We shared the following thoughts with our team in our leadership meeting yesterday. We believe it may be pertinent to the public, our fans, and those who are following this story. As you can see from our blog posts, we're pretty vocal about topics ranging from race to cyberbullying.
First, there isn't much to add beyond what's already said in the media about sexual harassment. We're obviously in a watershed moment. Being two guys, we are not thought leaders on how to react to this topic-- we are just following the lead of the women who are speaking out.
However, we acknowledge that it is our responsibility to proactively mobilize a group we do know a thing or two about: ethnic minorities. We urge fellow ethnic minorities, especially Asian men, to speak out against oppression (including dominant patriarchy) and harassment of any kind: by race, sex, sexual preference, gender identity and the oft-forgotten divide of socio-economic class.
The last year has often been described as a pendulum swing. Despite our best efforts, we still see an ever-increasing polarization of American society. Most of you know about our involvement with local and federal government-- we rarely address these experiences directly, but the tension in these meetings caused by cultural differences and ideology is always palpable. It's a fine line between relativism and tolerance and there probably isn't a clear-cut answer, but we do a really sh*tty job working in the grey.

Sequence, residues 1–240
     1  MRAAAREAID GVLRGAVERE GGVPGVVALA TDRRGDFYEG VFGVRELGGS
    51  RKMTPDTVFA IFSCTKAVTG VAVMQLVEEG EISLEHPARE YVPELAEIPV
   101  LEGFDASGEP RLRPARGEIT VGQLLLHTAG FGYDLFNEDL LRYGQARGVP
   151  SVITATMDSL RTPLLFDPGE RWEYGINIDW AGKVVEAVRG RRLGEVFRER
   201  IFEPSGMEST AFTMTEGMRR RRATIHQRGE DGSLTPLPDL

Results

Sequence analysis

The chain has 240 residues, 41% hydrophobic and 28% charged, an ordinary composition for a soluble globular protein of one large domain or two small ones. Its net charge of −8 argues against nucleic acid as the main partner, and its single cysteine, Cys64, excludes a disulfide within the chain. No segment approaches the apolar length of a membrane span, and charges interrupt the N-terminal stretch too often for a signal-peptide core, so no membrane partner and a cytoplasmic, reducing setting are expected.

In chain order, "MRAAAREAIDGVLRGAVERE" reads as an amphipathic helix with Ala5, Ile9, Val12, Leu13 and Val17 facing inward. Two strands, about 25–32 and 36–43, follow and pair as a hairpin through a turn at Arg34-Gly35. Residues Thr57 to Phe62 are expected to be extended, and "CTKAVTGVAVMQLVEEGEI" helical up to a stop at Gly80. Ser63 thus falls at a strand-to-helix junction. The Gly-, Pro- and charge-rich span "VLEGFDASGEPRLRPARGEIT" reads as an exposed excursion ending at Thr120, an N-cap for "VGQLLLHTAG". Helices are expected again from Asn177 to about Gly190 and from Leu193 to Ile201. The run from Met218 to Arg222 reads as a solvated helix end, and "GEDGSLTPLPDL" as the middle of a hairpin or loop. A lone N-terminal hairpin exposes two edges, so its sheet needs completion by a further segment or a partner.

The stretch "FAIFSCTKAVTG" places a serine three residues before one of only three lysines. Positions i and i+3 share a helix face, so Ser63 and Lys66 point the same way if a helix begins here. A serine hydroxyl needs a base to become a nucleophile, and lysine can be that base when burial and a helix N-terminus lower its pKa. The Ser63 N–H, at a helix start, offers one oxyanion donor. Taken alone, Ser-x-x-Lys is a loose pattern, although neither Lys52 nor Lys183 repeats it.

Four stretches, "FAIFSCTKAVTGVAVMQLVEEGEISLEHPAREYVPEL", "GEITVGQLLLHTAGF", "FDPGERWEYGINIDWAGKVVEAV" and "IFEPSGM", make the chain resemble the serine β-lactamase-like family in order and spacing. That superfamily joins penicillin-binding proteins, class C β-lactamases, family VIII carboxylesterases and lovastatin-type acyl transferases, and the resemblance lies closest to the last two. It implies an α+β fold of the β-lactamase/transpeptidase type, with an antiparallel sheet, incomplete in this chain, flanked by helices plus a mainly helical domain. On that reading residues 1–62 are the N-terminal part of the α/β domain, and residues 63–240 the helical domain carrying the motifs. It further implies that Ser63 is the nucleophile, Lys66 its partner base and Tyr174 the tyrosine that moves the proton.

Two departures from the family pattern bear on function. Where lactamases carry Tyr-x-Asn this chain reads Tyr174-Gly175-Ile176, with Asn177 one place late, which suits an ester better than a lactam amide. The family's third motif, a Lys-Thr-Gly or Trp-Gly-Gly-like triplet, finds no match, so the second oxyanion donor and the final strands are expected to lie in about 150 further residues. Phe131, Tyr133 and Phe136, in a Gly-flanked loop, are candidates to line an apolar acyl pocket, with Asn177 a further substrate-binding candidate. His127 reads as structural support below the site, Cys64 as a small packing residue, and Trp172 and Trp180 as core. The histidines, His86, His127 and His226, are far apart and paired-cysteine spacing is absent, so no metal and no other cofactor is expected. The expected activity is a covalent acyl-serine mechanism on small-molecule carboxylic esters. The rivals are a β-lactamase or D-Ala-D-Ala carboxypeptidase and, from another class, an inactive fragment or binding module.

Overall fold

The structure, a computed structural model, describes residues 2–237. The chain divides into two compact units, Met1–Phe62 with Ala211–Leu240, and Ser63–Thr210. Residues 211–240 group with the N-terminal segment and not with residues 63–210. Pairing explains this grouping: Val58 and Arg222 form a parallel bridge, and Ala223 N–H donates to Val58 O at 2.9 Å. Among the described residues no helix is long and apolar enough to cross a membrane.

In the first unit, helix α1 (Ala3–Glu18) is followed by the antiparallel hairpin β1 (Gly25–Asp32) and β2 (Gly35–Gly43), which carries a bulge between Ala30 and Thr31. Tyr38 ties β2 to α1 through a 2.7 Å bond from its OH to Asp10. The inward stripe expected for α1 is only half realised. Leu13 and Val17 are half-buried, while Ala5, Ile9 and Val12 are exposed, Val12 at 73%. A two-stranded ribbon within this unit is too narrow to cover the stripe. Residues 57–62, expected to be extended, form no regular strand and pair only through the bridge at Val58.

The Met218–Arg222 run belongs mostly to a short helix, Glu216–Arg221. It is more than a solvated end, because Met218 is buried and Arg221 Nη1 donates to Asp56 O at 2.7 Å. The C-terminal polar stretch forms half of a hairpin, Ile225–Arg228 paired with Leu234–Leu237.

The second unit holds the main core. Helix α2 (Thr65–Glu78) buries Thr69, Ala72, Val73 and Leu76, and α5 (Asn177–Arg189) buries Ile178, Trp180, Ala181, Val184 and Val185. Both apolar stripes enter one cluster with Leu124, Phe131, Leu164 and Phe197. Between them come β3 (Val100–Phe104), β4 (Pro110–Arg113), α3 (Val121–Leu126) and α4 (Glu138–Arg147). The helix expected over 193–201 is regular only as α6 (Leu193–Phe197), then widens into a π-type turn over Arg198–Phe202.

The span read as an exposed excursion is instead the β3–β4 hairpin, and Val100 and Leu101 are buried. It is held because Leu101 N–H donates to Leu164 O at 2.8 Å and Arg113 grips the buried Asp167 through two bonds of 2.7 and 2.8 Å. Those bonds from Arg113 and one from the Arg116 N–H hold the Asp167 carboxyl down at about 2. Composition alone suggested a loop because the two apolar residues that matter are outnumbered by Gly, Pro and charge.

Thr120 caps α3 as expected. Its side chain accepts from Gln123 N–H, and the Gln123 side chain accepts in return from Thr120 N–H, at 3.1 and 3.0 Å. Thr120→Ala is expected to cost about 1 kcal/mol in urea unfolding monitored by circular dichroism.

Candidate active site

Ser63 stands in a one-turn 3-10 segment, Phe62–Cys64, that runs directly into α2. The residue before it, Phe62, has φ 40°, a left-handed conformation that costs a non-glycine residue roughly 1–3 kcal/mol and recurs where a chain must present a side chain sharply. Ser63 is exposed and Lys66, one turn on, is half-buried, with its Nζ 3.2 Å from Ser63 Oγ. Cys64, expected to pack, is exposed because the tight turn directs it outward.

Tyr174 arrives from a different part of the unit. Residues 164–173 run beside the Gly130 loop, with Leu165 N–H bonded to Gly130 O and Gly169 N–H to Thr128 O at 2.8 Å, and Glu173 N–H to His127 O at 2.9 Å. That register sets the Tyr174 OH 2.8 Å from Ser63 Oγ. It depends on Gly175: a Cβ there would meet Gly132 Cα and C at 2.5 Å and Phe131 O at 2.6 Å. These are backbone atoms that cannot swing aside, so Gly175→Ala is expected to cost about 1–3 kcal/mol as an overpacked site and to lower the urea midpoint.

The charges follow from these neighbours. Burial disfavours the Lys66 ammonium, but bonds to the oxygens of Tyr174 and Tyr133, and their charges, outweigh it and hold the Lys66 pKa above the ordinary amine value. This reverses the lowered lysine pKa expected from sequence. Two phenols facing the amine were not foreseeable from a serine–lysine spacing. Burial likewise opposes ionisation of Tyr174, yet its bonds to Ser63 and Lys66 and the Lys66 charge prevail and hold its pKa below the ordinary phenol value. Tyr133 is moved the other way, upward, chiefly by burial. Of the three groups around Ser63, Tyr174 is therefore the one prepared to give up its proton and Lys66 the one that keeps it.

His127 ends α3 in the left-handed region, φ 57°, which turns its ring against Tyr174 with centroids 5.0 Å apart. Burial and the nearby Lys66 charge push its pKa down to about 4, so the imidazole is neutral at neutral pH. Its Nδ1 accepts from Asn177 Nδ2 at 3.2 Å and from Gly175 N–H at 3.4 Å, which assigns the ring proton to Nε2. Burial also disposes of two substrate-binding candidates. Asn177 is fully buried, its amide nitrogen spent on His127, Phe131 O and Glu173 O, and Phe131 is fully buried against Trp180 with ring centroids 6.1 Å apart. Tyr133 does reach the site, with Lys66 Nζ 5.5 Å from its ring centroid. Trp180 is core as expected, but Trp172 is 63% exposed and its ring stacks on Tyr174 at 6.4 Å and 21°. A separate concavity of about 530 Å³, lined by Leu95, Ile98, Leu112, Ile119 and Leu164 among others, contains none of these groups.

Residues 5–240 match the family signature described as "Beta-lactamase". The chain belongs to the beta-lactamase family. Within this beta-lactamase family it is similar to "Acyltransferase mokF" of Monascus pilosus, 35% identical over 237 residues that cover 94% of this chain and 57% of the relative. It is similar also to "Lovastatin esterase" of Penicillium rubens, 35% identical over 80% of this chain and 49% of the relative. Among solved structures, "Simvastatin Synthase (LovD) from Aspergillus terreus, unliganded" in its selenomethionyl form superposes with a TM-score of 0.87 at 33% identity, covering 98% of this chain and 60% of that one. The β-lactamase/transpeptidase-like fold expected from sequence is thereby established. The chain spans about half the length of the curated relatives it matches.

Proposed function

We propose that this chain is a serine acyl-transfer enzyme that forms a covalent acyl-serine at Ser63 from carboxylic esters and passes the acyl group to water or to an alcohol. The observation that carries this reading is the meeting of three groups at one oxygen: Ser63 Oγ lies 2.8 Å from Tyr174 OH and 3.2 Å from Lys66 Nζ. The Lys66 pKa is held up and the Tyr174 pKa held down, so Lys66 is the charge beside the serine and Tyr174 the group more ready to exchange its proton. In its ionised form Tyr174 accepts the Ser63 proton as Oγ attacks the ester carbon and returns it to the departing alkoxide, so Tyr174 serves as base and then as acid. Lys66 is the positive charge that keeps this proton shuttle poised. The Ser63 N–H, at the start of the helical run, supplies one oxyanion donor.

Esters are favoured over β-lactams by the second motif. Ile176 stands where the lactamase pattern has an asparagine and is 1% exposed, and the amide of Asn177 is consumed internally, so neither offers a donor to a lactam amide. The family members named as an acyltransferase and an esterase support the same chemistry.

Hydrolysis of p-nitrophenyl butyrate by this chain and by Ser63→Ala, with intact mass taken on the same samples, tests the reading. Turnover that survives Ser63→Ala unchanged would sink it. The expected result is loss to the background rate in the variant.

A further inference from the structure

If you're reading this, we understand you aren't fully invested in our company culture, but we want to share with you something that we always tell our team: it's not just about tearing down a culture, it's about building a new one. A bit of it came out when we gave our response to Eater regarding the insensitive NY Times article.
It takes a massive, hegemonic culture to sustain decades (maybe centuries?) worth of misogyny, sexual harassment, and racial discrimination. The tipping point is occurring in almost all ecosystems with imbalanced power dynamics: Hollywood, journalism, politics, tech, etc. (the notable missing one is Wall Street). If it takes decades to build such a leviathan, it will take even longer to transition out of it and into a new, more inclusive, still imperfect union.
Our mission is to bridge cultures. And yes, we're just a tiny ass boba chain, but we also have nearly 5,000 unique people who step into our ten stores every day. We look up to companies like Patagonia who lead not just on principle but with a voice. As bi-cultural/third culture kids, dissecting culture is our natural lens. It's why we empathize with and vocalize support for women, immigrants, minorities (especially African Americans) who feel marginalized like second-class citizens. But it's also why we occasionally defend non-Asians who unintentionally exoticize or "Columbus" our cuisine, but are targets of reverse discrimination and over-shaming.